The VCOs are modeled by means of optimized nonlinear oscillator circuits simulated with two-and-one-halfdimension (2.5D) or three-dimensional (3D) electromagnetic (EM) simulation software. The nonlinear circuit model contains the oscillator’s active device, represented by its S-parameters. The HBT is modeled by large-signal S-parameters to better understand the behavior of the device under quasilinear (low-signal drive level) and nonlinear (large-signal drive level) conditions. This partitioning of the oscillator works quite well, and the combination of the S-parameters and the nonlinear circuit model agrees closely with measured data. This approach also improves the optimization cycles using harmonicbalance circuit simulators.

The quality factor (Q) of the coupled planar resonator network can be enhanced by introducing an optimum coupling mechanism (electric/magnetic/ hybrid). *Figure 3* illustrates the layout of typical electric, magnetic, hybridcoupling planar resonator networks, and oscillator circuits for comparative analysis.9 The coupling dynamics can be characterized by proximity effect through the fringing fields, which decays exponentially outside the field region; the electric and magnetic field intensity tends to concentrate near the side having the maximum field distribution. The coupling factor ß (ße for the electric field, ßm for the magnetic field, and ßh for the hybrid field) are described in Eqs. 1-3. The loaded Q, QL, of the coupled resonator network is shown in Eqs. 4-8, given in terms of the unloaded Q, Qo.10 where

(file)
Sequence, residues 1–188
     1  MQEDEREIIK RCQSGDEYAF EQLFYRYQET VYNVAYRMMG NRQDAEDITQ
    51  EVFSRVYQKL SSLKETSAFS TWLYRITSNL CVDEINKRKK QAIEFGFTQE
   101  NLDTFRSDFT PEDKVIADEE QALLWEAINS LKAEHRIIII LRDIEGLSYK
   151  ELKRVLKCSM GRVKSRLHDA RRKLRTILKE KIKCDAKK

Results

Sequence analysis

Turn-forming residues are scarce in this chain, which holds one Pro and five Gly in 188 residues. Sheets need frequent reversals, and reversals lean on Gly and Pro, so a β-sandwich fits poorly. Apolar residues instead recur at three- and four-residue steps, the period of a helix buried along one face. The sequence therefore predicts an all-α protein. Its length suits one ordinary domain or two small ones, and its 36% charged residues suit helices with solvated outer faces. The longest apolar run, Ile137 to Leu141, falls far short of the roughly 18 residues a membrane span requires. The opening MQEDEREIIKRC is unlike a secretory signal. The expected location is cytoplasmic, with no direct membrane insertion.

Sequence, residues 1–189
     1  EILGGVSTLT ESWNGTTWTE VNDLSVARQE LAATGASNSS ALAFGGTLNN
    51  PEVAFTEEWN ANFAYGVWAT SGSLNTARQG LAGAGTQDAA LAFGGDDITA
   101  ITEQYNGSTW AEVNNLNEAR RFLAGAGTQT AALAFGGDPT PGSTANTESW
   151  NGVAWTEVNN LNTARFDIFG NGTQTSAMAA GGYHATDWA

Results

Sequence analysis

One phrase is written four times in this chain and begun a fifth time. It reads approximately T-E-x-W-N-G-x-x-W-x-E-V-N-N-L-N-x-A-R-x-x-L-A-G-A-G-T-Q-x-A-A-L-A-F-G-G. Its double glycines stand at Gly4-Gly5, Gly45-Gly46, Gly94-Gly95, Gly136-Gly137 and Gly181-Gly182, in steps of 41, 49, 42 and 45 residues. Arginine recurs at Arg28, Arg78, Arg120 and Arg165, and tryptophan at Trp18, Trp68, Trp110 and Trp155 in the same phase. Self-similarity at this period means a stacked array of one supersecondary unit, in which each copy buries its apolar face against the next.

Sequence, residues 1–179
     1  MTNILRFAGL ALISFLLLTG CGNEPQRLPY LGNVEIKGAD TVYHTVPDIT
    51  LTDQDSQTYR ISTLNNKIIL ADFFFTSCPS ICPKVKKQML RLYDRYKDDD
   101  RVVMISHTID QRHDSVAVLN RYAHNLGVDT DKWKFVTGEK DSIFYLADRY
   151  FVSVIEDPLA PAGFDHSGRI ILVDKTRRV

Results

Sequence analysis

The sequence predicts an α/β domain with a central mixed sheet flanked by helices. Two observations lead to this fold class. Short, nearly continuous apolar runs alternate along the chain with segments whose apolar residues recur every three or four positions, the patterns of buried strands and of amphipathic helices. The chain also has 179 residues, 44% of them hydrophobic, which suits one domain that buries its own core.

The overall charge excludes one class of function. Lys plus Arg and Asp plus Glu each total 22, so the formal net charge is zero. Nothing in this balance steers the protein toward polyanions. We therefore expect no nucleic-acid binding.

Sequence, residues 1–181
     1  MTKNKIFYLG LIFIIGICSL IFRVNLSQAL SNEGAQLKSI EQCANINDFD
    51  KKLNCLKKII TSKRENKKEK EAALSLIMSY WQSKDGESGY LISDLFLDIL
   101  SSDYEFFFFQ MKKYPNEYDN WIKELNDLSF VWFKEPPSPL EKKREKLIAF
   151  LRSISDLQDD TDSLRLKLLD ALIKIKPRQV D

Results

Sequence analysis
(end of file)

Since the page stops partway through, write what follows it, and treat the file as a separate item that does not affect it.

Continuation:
*I* = the rate of change of the phase and

QO = the unloaded Q-factor of the uncoupled single open loop microstrip resonator.

From Eqs. 6, 7, and 8, there is a trade off between improving the Q and the permissible attenuation required (which is compensated by active device for oscillation buildup). The coupling mechanism described in *Figure 3* shows an improvement in Q in comparison to a single uncoupled planar resonator, although with a limited tuning range (less than 1 percent).

From Eqs. 6-8, the loaded Q (QL) can be maximized by either lowering the value of mutual capacitance (Cm) and inductance (Lm) or maximizing self-capacitance (C) and inductance (L). The upper limit of QL is dependent upon the coupling that can be optimized by controlling the width of the transmission line (w), the gap of the open line resonator (p), and the spacing between the two open line resonators (d). However, the dynamic control and tuning of parameters w, p, and d using IC technology at high frequencies is a challenging task.